Novell’s Antitrust Claim Against Microsoft Is Reborn Just As Feds’ Oversight Expires
Although Microsoft’s epic antitrust battle with the U.S. Department of Justice officially comes to an end tomorrow, with the expiration of the government’s decade-long oversight of the software giant, Microsoft has learned that another antitrust challenge has just received a new lease on life.
The United States Court of Appeals for the Fourth Circuit has revived the antitrust action Novell filed against Microsoft involving Novell’s office software applications WordPerfect and Quattro Pro. Last year, the U.S. District Court in Maryland dismissed Novell’s antitrust claims.
The Fourth Circuit has now held that Novell is free to pursue an antitrust claim even though Microsoft settled a related suit with another company, Caldera, Inc., for $280 million. The Fourth Circuit ruled that Novell’s sale in 1996 of its desktop operating system business to Caldera did not prevent it from seeking damages from Microsoft for allegedly using its monopoly power in the operating systems market to squash Novell’s office applications.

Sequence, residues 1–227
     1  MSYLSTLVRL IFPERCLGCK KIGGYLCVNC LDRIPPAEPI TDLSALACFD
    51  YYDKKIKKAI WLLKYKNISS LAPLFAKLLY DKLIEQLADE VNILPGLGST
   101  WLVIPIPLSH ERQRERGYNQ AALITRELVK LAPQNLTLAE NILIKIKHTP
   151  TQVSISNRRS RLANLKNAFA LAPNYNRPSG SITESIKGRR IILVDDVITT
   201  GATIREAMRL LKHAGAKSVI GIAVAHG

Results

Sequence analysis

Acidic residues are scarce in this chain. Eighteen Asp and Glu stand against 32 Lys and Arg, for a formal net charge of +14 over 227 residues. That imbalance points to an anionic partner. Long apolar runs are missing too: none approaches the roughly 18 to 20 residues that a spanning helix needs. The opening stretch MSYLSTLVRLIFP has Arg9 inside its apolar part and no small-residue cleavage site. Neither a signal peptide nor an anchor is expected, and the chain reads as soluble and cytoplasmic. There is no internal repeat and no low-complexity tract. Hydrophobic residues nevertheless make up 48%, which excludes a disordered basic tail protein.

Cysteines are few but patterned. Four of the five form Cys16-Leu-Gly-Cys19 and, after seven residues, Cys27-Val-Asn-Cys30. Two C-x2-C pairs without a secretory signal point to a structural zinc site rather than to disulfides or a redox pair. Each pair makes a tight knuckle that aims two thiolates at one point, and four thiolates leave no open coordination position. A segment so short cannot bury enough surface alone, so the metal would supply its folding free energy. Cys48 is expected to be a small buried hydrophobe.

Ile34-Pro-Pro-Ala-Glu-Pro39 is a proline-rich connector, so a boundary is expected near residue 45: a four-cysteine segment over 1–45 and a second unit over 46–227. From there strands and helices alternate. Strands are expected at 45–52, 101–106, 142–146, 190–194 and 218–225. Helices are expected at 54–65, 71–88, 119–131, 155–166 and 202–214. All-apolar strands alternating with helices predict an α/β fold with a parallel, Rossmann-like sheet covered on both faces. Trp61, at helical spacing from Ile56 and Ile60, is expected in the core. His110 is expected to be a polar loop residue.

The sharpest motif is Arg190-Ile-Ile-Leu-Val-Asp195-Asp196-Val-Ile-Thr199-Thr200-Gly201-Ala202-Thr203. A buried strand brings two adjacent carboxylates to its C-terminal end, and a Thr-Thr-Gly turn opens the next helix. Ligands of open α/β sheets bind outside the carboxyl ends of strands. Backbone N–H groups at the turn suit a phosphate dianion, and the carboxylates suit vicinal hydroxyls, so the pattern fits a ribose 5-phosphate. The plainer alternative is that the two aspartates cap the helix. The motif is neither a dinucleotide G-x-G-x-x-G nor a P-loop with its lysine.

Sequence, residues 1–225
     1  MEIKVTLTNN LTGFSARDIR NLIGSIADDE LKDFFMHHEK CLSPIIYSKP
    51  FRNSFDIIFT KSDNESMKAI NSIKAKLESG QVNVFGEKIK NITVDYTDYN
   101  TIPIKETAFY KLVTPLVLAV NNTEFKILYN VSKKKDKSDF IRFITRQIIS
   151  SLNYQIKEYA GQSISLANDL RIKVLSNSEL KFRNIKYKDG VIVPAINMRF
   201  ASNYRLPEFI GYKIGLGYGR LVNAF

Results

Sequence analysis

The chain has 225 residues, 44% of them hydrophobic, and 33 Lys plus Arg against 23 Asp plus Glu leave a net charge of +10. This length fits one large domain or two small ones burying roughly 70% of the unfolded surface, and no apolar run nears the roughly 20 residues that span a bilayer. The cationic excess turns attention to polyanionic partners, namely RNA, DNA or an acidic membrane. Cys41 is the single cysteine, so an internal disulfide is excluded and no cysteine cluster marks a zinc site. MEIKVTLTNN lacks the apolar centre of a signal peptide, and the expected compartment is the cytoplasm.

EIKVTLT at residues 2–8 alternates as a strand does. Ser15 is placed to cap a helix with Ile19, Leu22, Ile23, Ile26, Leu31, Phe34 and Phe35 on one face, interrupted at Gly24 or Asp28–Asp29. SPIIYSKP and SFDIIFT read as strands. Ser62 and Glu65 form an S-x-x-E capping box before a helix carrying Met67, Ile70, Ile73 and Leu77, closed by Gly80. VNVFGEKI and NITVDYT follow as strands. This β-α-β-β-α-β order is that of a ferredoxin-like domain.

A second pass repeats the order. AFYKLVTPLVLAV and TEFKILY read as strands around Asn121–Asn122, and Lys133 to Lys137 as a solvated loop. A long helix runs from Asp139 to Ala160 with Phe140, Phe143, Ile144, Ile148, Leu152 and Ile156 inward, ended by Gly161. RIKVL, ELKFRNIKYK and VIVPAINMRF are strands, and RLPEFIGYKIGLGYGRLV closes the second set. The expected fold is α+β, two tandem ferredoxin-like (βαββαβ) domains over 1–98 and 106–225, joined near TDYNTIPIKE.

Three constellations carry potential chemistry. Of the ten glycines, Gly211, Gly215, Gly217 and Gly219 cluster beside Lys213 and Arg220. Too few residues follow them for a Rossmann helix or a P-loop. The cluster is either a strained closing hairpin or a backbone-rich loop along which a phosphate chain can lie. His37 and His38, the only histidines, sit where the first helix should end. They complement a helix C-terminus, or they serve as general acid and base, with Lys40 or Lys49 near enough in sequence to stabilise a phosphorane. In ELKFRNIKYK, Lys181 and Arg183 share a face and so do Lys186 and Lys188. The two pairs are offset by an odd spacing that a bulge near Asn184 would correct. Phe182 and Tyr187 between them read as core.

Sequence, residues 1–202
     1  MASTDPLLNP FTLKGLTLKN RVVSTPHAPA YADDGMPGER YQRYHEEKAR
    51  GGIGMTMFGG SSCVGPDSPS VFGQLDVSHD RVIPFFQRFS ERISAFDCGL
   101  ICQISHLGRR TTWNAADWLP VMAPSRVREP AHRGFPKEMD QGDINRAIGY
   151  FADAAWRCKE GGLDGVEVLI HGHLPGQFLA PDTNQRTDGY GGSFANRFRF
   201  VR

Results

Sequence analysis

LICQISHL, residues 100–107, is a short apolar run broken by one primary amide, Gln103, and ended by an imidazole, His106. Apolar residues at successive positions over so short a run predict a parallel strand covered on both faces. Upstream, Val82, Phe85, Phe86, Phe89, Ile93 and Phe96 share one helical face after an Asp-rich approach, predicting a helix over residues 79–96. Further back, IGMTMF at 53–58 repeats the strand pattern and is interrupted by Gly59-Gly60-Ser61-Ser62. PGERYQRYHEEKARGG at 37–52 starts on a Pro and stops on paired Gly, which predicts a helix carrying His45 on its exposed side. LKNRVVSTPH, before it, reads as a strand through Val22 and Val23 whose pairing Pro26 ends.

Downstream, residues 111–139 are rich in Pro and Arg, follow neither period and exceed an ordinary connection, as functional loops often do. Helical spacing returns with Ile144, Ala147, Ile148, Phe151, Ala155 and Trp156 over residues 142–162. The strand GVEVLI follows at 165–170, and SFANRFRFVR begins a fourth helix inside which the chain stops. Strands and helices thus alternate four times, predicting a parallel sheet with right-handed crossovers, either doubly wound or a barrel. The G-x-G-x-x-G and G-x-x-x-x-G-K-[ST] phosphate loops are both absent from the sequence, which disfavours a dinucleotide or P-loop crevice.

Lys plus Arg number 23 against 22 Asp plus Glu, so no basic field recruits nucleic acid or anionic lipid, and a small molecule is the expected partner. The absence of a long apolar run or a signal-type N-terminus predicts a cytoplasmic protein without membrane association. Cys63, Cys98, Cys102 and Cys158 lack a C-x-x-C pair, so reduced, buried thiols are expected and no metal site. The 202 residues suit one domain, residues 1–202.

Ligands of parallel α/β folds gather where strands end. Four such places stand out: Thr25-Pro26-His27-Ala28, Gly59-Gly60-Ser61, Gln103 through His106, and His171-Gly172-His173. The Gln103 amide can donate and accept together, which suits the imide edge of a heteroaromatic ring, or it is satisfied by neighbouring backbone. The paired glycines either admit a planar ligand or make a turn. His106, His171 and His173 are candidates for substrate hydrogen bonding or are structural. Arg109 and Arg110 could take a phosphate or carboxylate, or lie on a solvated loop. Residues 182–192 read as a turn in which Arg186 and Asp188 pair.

In 1996, Novell made a deal assigning certain rights to sue Microsoft to Caldera. Caldera sued Microsoft over competition in the operating system market, receiving a $280 million settlement four years later, of which Novell received a $35 million share. Then in 2004, Novell sued Microsoft in its own right, claiming WordPerfect was the victim of unfair competition by Microsoft, and last year Microsoft won summary judgment against Novell in that case on the grounds that Novell’s claims were subject to the 1996 agreement with Caldera.
But whereas the district court held that Novell signed away its software application claims to Caldera along with the operating system claims, the appeals court refused to abandon distinctions between the products harmed by Microsoft’s allegedly anticompetitive practices and will allow Novell to proceed with its one remaining antitrust claim.
Novell, which was purchased by Seattle-based Attachmate, Inc. last month, is seeking several billion dollars in treble damages under the antitrust laws.